Dear Sir or Madam,
Sometimes it’s hard to be a teacher. You have to deal with stressed out parents, students, colleagues, and administrators. At times it’s a completely thankless job, and you feel undervalued and under-appreciated. It’s like that most of the time, in fact.
Yet, for all of those moments where you find yourself sitting on your couch crying after a really difficult day, there are those other moments that make it all worthwhile.
Those moments are why I have been a teacher for fifteen years. When I see a student’s face light up like a pinball machine, I know I have reached him or her. The kind of joy a teacher feels at those moments can’t really be described, but teachers know. Only teachers know.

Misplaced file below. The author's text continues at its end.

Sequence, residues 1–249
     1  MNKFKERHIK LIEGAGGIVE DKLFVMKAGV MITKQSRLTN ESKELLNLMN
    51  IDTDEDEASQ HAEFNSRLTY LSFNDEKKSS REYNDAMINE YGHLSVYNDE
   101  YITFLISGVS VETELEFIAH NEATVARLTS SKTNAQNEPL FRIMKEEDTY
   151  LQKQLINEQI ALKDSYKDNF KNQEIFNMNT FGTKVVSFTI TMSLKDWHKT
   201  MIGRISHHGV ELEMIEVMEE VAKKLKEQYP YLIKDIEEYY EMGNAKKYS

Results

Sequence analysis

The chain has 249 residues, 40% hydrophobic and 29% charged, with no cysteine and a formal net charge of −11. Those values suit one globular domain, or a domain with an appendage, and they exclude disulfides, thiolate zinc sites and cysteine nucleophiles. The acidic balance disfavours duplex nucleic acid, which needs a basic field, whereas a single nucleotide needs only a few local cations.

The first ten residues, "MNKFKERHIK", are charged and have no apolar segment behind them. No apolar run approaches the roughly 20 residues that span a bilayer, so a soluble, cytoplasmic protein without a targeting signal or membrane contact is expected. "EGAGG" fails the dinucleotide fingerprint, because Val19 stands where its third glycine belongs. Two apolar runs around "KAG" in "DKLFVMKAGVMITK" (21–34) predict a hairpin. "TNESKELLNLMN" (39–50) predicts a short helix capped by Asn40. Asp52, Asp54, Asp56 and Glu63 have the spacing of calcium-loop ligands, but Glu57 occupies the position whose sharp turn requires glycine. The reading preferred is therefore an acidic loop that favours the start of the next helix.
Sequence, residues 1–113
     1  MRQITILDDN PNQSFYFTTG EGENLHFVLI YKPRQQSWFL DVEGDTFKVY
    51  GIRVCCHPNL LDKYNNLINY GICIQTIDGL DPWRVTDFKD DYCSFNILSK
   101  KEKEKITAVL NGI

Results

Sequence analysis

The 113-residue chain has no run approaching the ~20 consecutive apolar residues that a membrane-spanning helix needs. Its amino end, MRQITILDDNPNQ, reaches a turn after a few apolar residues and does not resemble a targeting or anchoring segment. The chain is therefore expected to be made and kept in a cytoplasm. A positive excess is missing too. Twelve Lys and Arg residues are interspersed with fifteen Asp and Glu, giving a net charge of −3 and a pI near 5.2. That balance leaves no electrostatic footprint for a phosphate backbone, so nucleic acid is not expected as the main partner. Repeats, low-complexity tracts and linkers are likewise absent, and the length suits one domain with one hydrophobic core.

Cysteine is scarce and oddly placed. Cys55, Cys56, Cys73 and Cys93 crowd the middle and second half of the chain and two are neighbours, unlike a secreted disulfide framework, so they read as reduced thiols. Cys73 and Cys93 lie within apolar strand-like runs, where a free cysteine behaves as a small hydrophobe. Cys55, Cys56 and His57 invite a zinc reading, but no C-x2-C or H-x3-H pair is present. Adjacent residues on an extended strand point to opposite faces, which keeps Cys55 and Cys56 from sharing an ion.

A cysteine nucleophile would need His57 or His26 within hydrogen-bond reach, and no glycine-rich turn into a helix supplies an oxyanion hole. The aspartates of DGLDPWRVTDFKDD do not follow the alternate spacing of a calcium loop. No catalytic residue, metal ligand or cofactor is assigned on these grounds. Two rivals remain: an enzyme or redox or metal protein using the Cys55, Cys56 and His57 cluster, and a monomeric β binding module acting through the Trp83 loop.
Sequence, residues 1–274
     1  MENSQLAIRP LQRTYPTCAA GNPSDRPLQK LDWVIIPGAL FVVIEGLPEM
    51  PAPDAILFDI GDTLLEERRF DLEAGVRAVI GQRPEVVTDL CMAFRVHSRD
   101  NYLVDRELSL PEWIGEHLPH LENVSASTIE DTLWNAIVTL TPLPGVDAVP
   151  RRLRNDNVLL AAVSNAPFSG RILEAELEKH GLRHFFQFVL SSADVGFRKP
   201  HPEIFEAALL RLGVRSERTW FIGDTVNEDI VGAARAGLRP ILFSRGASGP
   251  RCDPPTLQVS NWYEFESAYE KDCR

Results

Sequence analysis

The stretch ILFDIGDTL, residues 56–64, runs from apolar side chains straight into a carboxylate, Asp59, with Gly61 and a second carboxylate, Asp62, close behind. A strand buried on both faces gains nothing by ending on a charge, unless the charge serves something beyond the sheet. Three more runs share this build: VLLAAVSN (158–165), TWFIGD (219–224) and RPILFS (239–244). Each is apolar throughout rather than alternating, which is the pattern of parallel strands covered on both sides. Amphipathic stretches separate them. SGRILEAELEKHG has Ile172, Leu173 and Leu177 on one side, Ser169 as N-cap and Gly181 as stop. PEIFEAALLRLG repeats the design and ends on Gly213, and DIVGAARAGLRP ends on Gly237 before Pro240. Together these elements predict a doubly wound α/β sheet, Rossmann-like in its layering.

When it comes down to it, teaching is about the students. It’s not about meetings, and exams, and statistics. It’s about helping students to see, and to understand, and to think, and to learn, and to create. If I have only the slightest effect on the future of young people, then I consider it a job well done. I take that responsibility very seriously.
Sometimes it’s hard to be a teacher. You have to really want to do it. You have to care. You have to realize that nothing is more important.